File photo: Muslim Brotherhood leader Mohammed Badie from the defendant's cage during his trial with other leaders of the Brotherhood in a courtroom in Cairo December 11, 2013 (Photo: Reuters)
Fourteen men, including Muslim Brotherhood leaders, were sentenced to death on Saturday, for setting up an "operation room" at the protest camp that supported ousted president Mohamed Morsi in Cairo's Rabaa Al-Adawiya area in the summer of 2013, among other charges.
Brotherhood supreme guide Mohamed Badie, the son of leading member and businessman Hassan Malek, Omar, as well as leading member Saad El-Hoseiny are among those who received the capital punishment.
Former Brotherhood spokesperson Mahmoud Ghozlan and leading member Saad Emara were sentenced to death in absentia.
Meanwhile, in the same case, 37 other defendants were sentenced to life in prison, including hunger striker Mohamed Soltan and Saad El-Shater, son of Brotherhood strongman and business tycoon Khairat El-Shater.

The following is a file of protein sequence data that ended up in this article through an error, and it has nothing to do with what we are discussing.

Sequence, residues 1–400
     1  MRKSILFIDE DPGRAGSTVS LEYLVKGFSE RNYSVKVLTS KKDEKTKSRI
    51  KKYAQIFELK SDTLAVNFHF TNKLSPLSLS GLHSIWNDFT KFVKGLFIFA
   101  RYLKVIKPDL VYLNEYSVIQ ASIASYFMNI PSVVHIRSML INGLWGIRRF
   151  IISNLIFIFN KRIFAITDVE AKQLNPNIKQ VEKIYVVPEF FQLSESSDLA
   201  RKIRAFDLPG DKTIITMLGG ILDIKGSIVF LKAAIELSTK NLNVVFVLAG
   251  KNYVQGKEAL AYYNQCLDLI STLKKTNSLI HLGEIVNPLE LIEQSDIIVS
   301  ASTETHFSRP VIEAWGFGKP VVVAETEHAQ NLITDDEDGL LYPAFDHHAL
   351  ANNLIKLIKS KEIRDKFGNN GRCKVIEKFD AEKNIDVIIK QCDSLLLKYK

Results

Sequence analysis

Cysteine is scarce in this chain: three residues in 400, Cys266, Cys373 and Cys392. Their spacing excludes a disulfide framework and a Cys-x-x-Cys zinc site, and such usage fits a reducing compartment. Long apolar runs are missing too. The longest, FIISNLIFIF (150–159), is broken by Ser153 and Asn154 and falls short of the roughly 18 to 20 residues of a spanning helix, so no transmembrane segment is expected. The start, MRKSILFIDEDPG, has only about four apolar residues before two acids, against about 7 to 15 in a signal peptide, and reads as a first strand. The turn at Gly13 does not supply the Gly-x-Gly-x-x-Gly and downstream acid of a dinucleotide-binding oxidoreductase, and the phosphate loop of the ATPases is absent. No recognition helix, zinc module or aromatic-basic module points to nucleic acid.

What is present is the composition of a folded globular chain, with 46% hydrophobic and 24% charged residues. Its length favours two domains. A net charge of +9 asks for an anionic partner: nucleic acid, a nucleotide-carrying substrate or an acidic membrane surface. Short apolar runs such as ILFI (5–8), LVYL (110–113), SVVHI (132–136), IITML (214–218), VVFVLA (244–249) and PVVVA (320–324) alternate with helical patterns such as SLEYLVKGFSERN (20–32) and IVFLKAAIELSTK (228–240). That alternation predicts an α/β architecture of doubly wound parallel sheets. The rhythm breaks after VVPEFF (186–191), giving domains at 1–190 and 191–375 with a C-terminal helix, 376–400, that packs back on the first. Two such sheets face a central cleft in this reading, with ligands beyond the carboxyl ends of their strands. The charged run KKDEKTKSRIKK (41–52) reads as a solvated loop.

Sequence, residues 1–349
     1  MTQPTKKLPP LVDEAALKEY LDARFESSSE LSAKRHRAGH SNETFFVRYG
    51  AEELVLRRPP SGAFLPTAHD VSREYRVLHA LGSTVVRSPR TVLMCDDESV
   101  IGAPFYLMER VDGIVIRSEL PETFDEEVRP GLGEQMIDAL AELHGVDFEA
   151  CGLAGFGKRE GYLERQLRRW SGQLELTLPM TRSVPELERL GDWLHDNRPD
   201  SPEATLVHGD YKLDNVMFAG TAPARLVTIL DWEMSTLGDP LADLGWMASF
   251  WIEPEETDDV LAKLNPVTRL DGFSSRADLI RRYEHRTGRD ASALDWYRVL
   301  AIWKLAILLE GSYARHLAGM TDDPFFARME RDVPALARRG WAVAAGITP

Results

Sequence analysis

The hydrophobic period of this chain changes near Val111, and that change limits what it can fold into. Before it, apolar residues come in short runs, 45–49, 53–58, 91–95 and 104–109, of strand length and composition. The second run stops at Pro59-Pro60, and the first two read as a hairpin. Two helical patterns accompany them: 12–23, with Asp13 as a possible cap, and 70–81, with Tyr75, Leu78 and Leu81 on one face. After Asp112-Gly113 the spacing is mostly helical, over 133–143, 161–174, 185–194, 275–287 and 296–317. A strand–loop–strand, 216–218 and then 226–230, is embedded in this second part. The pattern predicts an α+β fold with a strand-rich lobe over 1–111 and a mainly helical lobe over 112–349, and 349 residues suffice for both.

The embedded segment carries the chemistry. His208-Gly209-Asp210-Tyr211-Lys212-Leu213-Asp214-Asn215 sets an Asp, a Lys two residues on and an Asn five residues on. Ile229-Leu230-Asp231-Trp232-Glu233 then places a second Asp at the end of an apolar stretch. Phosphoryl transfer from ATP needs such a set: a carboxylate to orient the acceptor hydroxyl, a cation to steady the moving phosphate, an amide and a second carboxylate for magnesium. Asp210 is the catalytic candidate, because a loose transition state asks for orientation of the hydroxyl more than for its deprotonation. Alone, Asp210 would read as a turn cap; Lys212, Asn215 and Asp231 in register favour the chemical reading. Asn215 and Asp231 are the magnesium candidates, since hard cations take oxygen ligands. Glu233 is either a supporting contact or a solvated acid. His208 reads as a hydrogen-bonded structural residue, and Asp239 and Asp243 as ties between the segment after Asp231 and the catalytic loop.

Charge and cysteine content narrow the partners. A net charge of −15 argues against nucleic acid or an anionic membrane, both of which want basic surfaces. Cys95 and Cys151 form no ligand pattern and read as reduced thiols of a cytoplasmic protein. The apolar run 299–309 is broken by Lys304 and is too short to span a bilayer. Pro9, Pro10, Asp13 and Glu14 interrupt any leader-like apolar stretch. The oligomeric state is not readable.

Soltan, an Egyptian-American, has been on a hunger strike since 26 January 2014. According to his family, his health condition has alarmingly deteriorated ever since, and he has repeatedly lost consciousness.
The defendants can lodge an appeal against the verdict.
After Morsi's ouster in July 2013, the now-banned Brotherhood, from which Morsi hails, and other supporting Islamist groups held a sit-in to protest his deposal in Cairo's Rabaa Al-Adawiya. Security personnel forcibly dispersed the massive protest camp in August 2013, leaving hundreds dead.
Since Morsi's ouster, courts have issued mass death sentences in a number of cases against Morsi loyalists.
Brotherhood supreme guide Badie was sentenced to death in two other cases, with one overturned by an appeals court and the second rejected by the Grand Mufti, who has to approve all death sentences in Egypt.